Diabetic Eye Care

Diabetes is the leading cause of blindness in young Americans. Diabetic Retinopathy is the most common sight threatening problem. There are other eye diseases diabetics suffer that contribute to visual limitation such as nerve palsies, optic nerve inflammation and early cataract formation. Diabetics should have yearly eye examinations.

Diabetic retinopathy is a disease of the retina, which is the tissue lining the back of the eye that turns light images into visual signals sent to the brain. The longer you are a diabetic and the less controlled your blood sugar is, the more likely you will develop diabetic retinopathy. Diabetic retinopathy affects the retina in two ways: proliferative retinopathy, which has new abnormal blood vessels growing and non-proliferative retinopathy (without new blood vessels growing) that can lead to swelling of the retina. Both forms of retinopathy can result in vision loss.

The most common presentation of diabetic retinopathy is non-proliferative diabetic retinopathy (NPDR) as it is not a result of new blood vessels, but rather it is due to damage of the patient’s own retinal blood vessels. These vessels become weak and develop small outpouchings called microaneurysms. These microaneurysms leak fluid into the surrounding retina and the resulting retinal swelling can decrease the vision.

The second and potentially most destructive form of diabetic retinopathy is called proliferative diabetic retinopathy (PDR) which means new unwanted blood vessels begin to grow (proliferate) in the eye. These vessels are believed to grow in an attempt to supply blood to areas of the eye where the blood supply is limited by the diabetic changes in the blood vessels. The new vessels grow haphazardly and often extend into the clear vitreous jelly that fills the back of the eye. Eventually, the vessels can bleed into the eye and cause traction on the retina leading to a detachment of the retina from the back of the eye.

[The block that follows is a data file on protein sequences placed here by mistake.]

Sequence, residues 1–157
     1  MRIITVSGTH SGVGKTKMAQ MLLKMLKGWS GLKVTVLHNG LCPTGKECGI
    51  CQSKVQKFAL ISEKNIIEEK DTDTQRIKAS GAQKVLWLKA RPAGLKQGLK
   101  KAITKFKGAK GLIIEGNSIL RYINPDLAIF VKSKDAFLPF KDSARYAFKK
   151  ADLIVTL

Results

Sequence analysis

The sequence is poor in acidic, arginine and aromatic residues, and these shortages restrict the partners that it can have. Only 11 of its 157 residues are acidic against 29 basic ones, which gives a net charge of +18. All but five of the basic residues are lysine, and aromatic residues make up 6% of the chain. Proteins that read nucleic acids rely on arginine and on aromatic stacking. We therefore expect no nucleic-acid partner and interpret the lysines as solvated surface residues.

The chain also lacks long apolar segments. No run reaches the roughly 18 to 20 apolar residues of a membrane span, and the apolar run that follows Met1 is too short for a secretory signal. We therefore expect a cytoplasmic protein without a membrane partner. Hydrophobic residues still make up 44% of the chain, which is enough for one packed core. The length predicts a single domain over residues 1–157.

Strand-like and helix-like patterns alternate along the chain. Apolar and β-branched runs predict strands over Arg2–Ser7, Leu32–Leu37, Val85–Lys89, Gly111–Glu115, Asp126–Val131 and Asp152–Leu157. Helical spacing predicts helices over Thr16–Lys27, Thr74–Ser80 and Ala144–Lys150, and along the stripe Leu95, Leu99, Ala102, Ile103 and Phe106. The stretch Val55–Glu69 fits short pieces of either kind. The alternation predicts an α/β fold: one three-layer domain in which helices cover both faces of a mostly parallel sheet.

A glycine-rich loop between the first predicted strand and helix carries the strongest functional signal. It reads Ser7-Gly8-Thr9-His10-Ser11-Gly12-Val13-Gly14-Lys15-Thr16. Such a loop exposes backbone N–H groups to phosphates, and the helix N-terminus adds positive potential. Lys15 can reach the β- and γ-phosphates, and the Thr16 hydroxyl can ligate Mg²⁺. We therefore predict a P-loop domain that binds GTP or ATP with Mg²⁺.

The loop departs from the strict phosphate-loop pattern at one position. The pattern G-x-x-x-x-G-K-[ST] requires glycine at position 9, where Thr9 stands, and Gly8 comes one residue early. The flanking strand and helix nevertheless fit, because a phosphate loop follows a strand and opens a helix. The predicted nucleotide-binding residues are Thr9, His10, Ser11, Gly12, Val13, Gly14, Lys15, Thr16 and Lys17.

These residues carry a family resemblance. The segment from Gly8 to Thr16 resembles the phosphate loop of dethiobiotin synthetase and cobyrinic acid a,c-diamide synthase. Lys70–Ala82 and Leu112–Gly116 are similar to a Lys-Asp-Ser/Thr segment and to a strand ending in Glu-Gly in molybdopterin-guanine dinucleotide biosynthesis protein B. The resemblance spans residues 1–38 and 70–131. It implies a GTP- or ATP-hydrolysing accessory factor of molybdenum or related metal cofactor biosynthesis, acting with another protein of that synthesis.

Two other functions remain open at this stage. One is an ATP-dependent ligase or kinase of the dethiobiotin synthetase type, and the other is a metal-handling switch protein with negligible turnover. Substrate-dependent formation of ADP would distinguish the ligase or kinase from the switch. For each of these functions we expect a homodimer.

Both proliferative and non-proliferative retinopathy can be treated by laser surgery or injections of medicines into the eye.

Studies have shown that good control of blood sugar and blood pressure can reduce the severity of the disease. We generally recommend our patients strive to keep the Hemoglobin A1C level under 7.0. Even so, there are some patients under reasonably good control who still develop the retinopathy.

Typically, diabetic retinopathy can progress a great deal before the patient notices any visual changes. Furthermore, laser treatment is most effective when performed early in the disease process; therefore, it is very important that all diabetics have a dilated eye exam every year by a professional familiar with the treatment of the disease.

Other Diabetic Eye Problems:

Diabetics can develop eye movement abnormalities due to cranial nerve palsies (palsies are weaknesses). The nerves are believed to have a decreased blood supply due to the diabetes and lose function. Because they control the eye muscles, the eyes can no longer properly align themselves and the patient sees double images. Fortunately, the large majority of these cranial nerve palsies resolve spontaneously over several weeks.

The lens of the eye can be affected in two ways by diabetes. First, wide swings in blood sugar cause the lens to shrink or swell. This change in shape alters how it focuses light onto the retina and thus changes the patient’s refraction (that is their glasses prescription). It is, therefore, usually best to wait until the blood sugar is under control before buying new glasses. The second way diabetes affects the lens is by cataract formation. A cataract is a clouding or discoloration of the clear lens rendering it difficult to see through. Cataract surgery may become necessary when the visual limitation inhibits the individual’s ability to function.